A lasting legacy: Tui Kamikamica’s ultimate gift to family

Photo: NRL

To the untrained eye they are just hills, but to Tui Kamikamica they are the ticket to building generational wealth for his family.

It’s here in the place the Storm front-rower was raised, on an island made up of no more than 10,000 people, that the real impact of his NRL career can be seen and experienced.

With the fruits of his rugby league labours, Tui has chosen to funnel much of his wealth back to the village of Somosomo.

That has included converting the family farm into a commercial kava business that is providing money for those closest to him and employing local people.

And it’s just the start, with ambitious plans to expand beyond the Fijian domestic market and begin exporting to Australia at the centre of Tui’s vision to future-proof his bloodline. 

Turning a way of life into a business

As the only son of Joji and Manise Kamikamica, growing up Tui had no choice but to help his father on the farm where almost all of the food the family ate was raised or grown.

It was tough work in the tropical heat, often done with the pair having already walked several hours from their home to the farm. 

“It was school during the week and then on the weekend I’d go up with the old man to the farm and help him,” Tui tells NRL.com.

“I remember there was no running water at our house at that time.”

When his NRL debut arrived in 2017, five years after he originally left Somosomo for Australia to pursue a professional career, at the first available opportunity Tui headed home to start giving back. 

He pitched a proposal to his parents to start the process of clearing bush off their nearly 100-acre block in order to put thousands of kava plants in the ground and move from a personal use model to one which could make them money. 

Five years on the first crop was harvested and sold in Fiji last year, netting the family a helpful lump-sum which has now inspired plans to upscale again. 

The next harvest will be bigger – with 20 acres of the farm still to be developed – and will likely be sent much further afield, with Tui currently developing export pathways into Australia.

There are also plans to build a retail store in Somosomo which would be run by his sister, providing employment for her and another point of sale for the product. 

‘Mum, choose your colour’

The kindness shown by Tui extends well beyond business.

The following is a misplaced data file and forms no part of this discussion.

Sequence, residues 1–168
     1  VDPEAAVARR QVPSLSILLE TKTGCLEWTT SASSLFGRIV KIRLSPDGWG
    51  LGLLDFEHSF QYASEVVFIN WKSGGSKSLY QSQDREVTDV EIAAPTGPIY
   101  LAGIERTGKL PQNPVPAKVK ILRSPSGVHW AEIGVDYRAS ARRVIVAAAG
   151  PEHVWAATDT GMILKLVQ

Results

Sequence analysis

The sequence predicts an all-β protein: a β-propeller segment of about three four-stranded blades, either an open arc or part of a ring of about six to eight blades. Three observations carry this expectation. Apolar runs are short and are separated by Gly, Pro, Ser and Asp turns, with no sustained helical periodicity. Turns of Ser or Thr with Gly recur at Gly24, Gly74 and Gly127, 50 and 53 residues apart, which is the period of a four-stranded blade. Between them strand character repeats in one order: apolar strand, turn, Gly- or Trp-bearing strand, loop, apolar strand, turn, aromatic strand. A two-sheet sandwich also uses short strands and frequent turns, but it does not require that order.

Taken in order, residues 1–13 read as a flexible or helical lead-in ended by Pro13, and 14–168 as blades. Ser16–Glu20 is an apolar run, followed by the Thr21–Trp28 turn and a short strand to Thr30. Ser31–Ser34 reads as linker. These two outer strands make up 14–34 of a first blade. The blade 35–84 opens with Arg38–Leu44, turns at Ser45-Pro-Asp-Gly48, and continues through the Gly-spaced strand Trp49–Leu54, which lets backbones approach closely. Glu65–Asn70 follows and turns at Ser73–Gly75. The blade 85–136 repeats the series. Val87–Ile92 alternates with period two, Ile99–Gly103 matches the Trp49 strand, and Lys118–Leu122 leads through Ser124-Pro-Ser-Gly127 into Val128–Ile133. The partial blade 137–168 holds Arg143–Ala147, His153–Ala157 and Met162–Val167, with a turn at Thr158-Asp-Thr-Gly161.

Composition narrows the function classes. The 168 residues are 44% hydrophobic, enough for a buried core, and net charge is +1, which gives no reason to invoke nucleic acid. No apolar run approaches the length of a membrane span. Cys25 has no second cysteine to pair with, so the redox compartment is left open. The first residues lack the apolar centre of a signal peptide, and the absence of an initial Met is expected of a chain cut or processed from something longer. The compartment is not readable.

He has built a brand new three-bedroom home for his parents in Somosomo, replacing the ageing house he was raised in.

They’re also the proud owners of a new Toyota Hilux ute, which means Joji avoids countless hours of walking to and from the farm.

Really though, it was a gift for mum. 

“Tui came home for a visit and took us to the dealership. He said to me ‘OK mum, choose your colour and what type you want.’ I told him he could do it, but he replied, ‘no mum, you have to do it! This is a gift to you’,” Manise recalls.   

“It’s a great help to have our own vehicle to travel to the farm and a big relief for his father.”

Tui also regularly sends money across which allows Manise to fly home from Suva, where she is based for work, back to Somosomo, saving her a boat trip which can take up to 13 hours depending on weather. 

“We are so lucky to have him and for him to be kind enough and mature enough to want to look after his family,” Manise says. 

“Whenever Tui comes home he gives so much time too. 

“He will always spend time doing training sessions with his cousins, he always spends time talking to them, encouraging them to keep working hard.

“His message to them is to keep working hard and that one day they will achieve what they are dreaming of. 

“They are inspired now to reach the level Tui is at.”

It comes as no surprise to Fiji teammate Marcelo Montoya, who admits he is in awe of his countrymen and their selfless approach. 

“Family to Tui is everything, and you see similar traits to Bill [Viliame] Kikau. Just a beautiful person in and out,” he says. 

“They come here to the NRL and get that opportunity, but they still have their family in their mind. They never forget where they come from.”

The end game

At 28 and in his seventh season as an NRL player, Tui is now planning for what life after rugby league will look like for him and his family.

Regardless of what comes next, through rugby league the hulking prop has ensured future generations of his family won’t grow up without the basic necessities he lacked as a child. 

He can also rest easy knowing his parents won’t have to work past retirement age. 

“Once the farm is running fully, when mum retires from teaching she won’t have to worry about what she’s doing for money,” he says. 

“I will definitely stay here in Australia once I retire. I want to stay and be able to support my parents as much as I can. “It’s only a three-hour flight back to Australia, so I see myself here after footy and I will travel back to check on the farm.”